Recently in New York City a 21 year old "subway surfer" was killed after getting bounced off a moving C line train. Subway surfing is the dare-devil stunt that involves riding either atop or clinging to the side of a moving train. While popular in certain South American and European cities (including in Denmark, where the documentary excerpt below is from), it has only been sporadically popular in New York City's MTA (Metropolitan Transportation Authority) subway system over recent years, and for good reason. The stunt has a very high probability of ending in fatal disaster due to the tight space between the train and the MTA tunnels. Unlike in other foreign cities, where the trains are mostly outdoors, the MTA run mainly through underground tunnels. Four years ago there were several subway-surfing fatalities on New York's subway system within a short time span -- apparently inspired by some publicity about the practice at that time. Since then, the MTA has initiated a campaign educating those foolish enough to try surfing a New York subway car.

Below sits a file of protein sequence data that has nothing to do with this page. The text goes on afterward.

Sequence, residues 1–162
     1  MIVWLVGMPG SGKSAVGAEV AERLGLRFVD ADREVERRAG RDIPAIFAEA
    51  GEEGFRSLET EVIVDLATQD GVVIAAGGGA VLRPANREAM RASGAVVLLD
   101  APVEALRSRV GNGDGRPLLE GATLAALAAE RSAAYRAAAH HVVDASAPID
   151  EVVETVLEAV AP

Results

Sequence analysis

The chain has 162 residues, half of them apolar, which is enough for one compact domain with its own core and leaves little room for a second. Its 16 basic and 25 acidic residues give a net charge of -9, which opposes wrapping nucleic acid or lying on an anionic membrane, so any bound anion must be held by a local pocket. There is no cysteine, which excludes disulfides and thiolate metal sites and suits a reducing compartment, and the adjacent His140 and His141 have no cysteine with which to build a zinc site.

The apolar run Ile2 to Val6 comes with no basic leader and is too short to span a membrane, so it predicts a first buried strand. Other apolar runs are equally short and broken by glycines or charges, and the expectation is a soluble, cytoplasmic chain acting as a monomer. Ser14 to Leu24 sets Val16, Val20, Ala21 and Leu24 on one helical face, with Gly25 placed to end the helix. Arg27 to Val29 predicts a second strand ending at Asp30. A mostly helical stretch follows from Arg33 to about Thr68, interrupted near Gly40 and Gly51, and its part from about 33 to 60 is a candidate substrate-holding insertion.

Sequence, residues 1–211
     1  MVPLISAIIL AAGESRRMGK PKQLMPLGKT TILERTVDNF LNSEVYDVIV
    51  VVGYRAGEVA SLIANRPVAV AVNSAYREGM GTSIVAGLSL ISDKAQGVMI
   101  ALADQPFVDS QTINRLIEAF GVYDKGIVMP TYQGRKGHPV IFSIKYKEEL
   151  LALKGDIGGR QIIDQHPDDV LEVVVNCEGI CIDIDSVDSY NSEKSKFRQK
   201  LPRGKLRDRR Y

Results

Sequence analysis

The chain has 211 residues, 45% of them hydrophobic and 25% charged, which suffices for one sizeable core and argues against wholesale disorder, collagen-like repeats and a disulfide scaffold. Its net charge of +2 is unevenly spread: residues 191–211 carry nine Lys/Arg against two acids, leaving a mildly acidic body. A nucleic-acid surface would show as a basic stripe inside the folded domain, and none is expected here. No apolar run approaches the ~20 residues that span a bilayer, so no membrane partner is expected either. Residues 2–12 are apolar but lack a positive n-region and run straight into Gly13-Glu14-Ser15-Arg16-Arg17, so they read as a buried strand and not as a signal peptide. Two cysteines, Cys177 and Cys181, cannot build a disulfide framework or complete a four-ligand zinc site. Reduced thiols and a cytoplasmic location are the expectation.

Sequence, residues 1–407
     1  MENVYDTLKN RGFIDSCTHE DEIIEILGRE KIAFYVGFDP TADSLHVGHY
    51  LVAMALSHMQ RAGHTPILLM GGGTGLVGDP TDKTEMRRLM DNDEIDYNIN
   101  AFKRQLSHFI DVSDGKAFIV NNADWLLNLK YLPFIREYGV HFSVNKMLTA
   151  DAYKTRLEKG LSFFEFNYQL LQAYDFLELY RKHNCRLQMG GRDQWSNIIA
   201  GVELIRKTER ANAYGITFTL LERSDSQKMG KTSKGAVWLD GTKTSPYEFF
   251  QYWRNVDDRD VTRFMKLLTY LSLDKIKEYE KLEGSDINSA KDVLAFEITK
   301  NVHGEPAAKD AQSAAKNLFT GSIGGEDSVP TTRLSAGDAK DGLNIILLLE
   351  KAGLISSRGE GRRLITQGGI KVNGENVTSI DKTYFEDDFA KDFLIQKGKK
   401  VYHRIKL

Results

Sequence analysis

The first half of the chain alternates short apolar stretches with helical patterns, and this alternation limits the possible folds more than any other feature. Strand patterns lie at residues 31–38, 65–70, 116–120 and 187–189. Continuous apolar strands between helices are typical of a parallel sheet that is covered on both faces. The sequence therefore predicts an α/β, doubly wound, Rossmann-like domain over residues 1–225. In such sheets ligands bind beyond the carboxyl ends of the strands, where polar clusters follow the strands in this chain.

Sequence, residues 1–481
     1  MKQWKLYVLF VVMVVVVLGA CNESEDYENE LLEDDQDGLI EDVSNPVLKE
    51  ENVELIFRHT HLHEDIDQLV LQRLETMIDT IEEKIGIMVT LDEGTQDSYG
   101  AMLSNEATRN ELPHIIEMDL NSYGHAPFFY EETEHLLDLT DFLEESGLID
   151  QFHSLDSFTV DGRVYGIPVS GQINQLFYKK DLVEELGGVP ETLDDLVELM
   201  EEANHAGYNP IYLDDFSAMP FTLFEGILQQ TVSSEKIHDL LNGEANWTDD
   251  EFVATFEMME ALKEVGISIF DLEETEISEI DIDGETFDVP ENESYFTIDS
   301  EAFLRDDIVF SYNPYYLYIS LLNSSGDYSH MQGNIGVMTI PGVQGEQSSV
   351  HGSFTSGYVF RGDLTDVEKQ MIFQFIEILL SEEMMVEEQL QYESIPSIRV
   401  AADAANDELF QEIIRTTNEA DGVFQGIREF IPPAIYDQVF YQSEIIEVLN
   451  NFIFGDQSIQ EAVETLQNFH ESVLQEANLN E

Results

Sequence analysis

In comparison, the relatively tame, although still illegal and dangerous, annual Broadway Bomb -- a race in which about a hundred daredevil skateboarders roll from uptown to downtown Manhattan along Broadway from 116th Street all the way down to Bowling Green, which is eight and half miles, dodging cars, buses, and taxis and ignoring traffic lights along the way -- went without incident two Sundays ago in New York City. And even though the motto for the event is "You could die," no one has so far. But then, the event is held on a Sunday when there is very little traffic in NYC compared to weekdays. There is also talk that the event, which already has sponsors, may soon become legit.